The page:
Fort Morgan

Irishtom29

2nd Lieutenant
Joined
Jul 21, 2008
Location
Kent, Washington
Nice traditional bastioned artillery fort in decent shape as of my last visit about 4 years ago. The glacis, covered way and ditch are in nice shape. Note the unusual entrance which is a tunnel through the glacis rather than a cut.
128EEB95-9BDF-45EE-BC2D-D3DF806CF9C0.jpeg
3BC4E4E8-CC0A-4EA7-90D5-5B6C0247D5BE.jpeg

665F10B0-B7A6-4CA9-84F8-7472DAC3D36A.jpeg

F813F170-4AC6-425B-8DF6-BC16A42299CC.jpeg
8C7FB60F-CC77-4962-8A65-8F11388FC5F6.jpeg
 
Joined
Sep 28, 2013
Location
Southwest Mississippi
Didn't know this one. Thanks for posting.
There's quite a bit of history down there, dating back to Fort Bowyer during the War of 1812.

http://www.encyclopediaofalabama.org/article/h-3582
But that area's history even goes back three hundred years earlier.

During the 1500's the Spanish Conquistadors were well aquatinted with that part of our Gulf Coast.

Panfilo de Narváez, just to name one.

There's some fantastic fishing down there as well, but that's a different thread.
 
Last edited:

A. Roy

Sergeant Major
Forum Host
Joined
Sep 2, 2019
Location
Raleigh, North Carolina
I'm glad folks revived this thread today. Trying to learn more about Fort Morgan, I found this nice aerial shot. This, I guess, shows the tunnel entrance in @Irishtom29 's photo.

FortMorgan_1440px-FortMorgan02_Edibobb.jpg


Credit: Edibobb, via Wikimedia Commons (CC BY 3.0)

This is the original plan from 1817. Looks as if the tunnel entrance was part of the original structure.

Fort_Morgan_Plan_Pdomain.png


Drawn by Captain William Tell Paupin. Via Wikimedia Commons. Public domain.

Roy B.
 

John S. Carter

Sergeant Major
Joined
Mar 15, 2017

Frank Watson

Private
Joined
Oct 27, 2014
Can you give some background as to this fort and its use during the Southern Revolution?

Briefly, ...

Fort Morgan is on the east side of the entrance to Mobile Bay. Fort Gaines is on Dauphine Island on the west. They are both pre-war stone / masonry forts. A smaller fort, Ft. Powell, guarded the narrow entrance to Mobile Bay north of Dauphine Island. Various things (like Vicksburg, operations against Texas, the Red River Campaign) kept delaying moves to close Mobile until August 1864, when Farragut led the Gulf Squadron into Mobile Bay, past the forts and the ironclad CSS Tennessee. That's where Farragut said, "**** the torpedoes, full speed ahead." (Or " “**** the torpedoes! Four Bells! Captain Drayton, go ahead! Jouett, full speed!” or whatever he really said.)

Fort Morgan surrendered shortly after, to land forces which had cut if off. It's surrender closed Mobile, which didn't actually fall until a few days after Lee surrendered at Appomattox.
 

NFB22

Sergeant Major
Joined
Jun 21, 2012
Location
Louisville, KY
Always thought it was a shame the extensive citadel located in the middle does not still exist. The original structure housed the garrison and was meant as a last line of defense had the outer defenses been breached. It caught fire during the Battle of Mobile Bay causing extensive damage. After the the war much of the damaged citadel was used to make repairs to the outer works of Fort Morgan and the rest of the structure was later razed in order to make a breakwater and additionally make room for the Endicott fortifications built a decade or so later.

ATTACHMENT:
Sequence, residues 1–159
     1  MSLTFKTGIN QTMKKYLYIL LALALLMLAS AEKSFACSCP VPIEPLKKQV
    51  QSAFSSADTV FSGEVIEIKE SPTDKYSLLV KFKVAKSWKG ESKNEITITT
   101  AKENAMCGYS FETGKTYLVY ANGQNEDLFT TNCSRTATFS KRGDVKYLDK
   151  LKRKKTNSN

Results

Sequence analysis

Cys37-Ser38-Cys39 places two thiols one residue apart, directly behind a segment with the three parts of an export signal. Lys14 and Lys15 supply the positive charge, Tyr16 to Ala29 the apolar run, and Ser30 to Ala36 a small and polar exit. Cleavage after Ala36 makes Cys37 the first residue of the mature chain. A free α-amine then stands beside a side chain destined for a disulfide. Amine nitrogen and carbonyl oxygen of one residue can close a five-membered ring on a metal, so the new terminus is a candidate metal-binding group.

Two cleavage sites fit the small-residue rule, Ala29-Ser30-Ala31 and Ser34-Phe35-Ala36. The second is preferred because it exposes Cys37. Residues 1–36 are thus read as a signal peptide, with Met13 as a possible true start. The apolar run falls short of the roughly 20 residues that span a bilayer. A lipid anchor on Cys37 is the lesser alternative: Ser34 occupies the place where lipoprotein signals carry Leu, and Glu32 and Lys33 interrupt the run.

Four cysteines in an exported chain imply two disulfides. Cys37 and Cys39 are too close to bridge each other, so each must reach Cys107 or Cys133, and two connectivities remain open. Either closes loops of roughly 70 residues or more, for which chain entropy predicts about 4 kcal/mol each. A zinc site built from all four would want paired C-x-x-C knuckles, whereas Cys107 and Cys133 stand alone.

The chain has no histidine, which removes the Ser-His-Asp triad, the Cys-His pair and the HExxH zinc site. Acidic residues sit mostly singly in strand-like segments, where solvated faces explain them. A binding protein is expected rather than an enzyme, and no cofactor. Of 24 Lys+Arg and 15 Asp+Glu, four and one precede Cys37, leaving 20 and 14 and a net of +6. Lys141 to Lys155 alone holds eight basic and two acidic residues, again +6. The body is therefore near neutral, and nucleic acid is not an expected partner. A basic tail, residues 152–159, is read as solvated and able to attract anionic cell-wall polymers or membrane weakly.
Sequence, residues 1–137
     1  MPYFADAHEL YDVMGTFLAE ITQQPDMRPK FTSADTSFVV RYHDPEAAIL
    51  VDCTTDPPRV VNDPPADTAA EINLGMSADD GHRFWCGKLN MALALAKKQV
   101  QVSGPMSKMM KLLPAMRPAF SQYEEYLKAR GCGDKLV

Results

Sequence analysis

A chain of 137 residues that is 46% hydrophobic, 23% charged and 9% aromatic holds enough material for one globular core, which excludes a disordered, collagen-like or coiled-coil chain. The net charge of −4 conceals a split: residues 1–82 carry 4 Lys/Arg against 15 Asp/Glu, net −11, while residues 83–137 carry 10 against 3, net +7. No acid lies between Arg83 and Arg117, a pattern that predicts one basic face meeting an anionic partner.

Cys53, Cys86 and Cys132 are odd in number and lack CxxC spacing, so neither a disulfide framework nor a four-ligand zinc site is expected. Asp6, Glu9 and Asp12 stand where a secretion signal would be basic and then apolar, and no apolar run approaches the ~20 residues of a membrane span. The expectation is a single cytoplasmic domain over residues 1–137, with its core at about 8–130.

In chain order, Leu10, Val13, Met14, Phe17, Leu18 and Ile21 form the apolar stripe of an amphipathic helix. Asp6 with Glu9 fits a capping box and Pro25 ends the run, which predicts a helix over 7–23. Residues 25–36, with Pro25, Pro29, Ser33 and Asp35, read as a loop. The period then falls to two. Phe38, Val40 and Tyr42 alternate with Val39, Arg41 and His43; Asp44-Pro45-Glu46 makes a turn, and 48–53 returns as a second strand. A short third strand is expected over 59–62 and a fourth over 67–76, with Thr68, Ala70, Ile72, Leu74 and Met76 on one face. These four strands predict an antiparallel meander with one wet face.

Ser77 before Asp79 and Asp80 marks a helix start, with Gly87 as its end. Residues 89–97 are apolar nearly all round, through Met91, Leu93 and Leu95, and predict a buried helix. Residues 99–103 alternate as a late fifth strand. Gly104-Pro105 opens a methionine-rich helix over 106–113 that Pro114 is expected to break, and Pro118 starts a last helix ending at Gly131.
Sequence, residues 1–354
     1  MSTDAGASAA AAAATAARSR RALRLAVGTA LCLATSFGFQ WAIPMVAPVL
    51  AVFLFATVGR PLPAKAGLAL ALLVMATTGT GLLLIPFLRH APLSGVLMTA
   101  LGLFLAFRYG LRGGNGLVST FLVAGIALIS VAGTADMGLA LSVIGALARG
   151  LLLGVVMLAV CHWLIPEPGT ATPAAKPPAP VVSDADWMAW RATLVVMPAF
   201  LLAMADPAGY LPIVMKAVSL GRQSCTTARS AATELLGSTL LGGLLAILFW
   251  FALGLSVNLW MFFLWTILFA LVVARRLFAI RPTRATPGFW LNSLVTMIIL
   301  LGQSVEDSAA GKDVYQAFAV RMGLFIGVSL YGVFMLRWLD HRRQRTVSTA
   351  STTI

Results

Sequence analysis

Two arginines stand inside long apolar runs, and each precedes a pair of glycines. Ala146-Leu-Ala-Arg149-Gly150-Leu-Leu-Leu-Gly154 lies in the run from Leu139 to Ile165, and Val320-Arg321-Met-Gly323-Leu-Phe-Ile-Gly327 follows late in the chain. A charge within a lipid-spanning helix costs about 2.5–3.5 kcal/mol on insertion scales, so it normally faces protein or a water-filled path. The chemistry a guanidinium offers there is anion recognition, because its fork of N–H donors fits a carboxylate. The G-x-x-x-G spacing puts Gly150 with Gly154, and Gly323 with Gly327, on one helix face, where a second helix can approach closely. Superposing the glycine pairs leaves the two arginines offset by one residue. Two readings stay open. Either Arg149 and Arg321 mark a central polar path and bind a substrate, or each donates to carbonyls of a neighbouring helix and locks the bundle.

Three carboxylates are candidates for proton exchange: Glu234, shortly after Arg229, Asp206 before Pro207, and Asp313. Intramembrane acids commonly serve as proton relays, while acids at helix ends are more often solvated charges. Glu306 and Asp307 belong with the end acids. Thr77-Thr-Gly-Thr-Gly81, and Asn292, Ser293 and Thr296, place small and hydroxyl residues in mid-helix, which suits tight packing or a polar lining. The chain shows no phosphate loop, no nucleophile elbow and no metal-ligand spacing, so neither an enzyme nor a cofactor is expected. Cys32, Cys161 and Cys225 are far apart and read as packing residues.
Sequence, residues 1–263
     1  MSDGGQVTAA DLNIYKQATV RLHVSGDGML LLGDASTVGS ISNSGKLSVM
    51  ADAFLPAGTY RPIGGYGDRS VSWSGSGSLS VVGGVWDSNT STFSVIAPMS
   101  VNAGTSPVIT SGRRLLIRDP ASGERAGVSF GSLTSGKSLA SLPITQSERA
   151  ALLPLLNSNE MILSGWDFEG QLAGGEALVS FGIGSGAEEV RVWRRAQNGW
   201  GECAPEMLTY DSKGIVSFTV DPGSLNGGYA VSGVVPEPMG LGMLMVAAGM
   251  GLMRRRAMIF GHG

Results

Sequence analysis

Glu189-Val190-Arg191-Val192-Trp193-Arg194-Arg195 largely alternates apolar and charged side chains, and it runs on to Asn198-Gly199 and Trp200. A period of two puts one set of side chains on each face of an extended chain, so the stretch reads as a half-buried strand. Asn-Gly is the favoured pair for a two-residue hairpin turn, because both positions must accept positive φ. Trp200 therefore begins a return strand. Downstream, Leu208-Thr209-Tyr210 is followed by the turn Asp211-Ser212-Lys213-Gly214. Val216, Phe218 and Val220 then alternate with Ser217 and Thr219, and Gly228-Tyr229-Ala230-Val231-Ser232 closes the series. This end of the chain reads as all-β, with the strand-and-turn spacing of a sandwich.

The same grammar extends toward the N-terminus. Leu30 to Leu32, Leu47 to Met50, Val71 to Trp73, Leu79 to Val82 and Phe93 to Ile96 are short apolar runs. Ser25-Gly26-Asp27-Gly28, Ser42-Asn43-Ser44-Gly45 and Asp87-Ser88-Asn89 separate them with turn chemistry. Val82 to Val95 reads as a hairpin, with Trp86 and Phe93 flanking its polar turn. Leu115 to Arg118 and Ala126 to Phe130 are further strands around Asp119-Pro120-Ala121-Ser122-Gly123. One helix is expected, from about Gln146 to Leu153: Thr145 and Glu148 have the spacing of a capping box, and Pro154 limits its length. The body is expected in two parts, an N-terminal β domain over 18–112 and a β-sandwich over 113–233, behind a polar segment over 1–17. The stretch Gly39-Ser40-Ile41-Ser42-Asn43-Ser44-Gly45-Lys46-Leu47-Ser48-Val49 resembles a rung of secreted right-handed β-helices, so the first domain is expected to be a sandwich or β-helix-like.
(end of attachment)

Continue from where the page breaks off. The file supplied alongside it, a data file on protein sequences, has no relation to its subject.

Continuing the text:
800px-FortMorgan_AL_NARA_1864.jpg
 

A. Roy

Sergeant Major
Forum Host
Joined
Sep 2, 2019
Location
Raleigh, North Carolina
Always thought it was a shame the extensive citadel located in the middle does not still exist. The original structure housed the garrison and was meant as a last line of defense had the outer defenses been breached. It caught fire during the Battle of Mobile Bay causing extensive damage. After the the war much of the damaged citadel was used to make repairs to the outer works of Fort Morgan and the rest of the structure was later razed in order to make a breakwater and additionally make room for the Endicott fortifications built a decade or so later.

As it happens, I was looking at this same historical photo earlier today and scratching my head over where this damaged structure might fit into the footprint of the fort as it is today. Looking at the original plan, though, I see that this must be the 10-sided citadel, as you say.

Roy B.
 

NFB22

Sergeant Major
Joined
Jun 21, 2012
Location
Louisville, KY
As it happens, I was looking at this same historical photo earlier today and scratching my head over where this damaged structure might fit into the footprint of the fort as it is today. Looking at the original plan, though, I see that this must be the 10-sided citadel, as you say.

Roy B.

Something that I've always been curious about, is the structure branching off the citadel nearest in the photo I posted. Any sketch I've ever seen of the third period system fort doesn't show that part which extends out from one of the ten sides and that photo is the only one from the period I remember seeing it in.

unnamed.jpg


1786805_orig.jpg
 

A. Roy

Sergeant Major
Forum Host
Joined
Sep 2, 2019
Location
Raleigh, North Carolina
Something that I've always been curious about, is the structure branching off the citadel nearest in the photo I posted. Any sketch I've ever seen of the third period system fort doesn't show that part which extends out from one of the ten sides and that photo is the only one from the period I remember seeing it in.

Are you talking about this structure here with the rectangular footprint? Has kind of a tall open bay? It sure doesn't show up on the 1817 plan.

FtMorgan_Structure.png


Roy B.
 
Top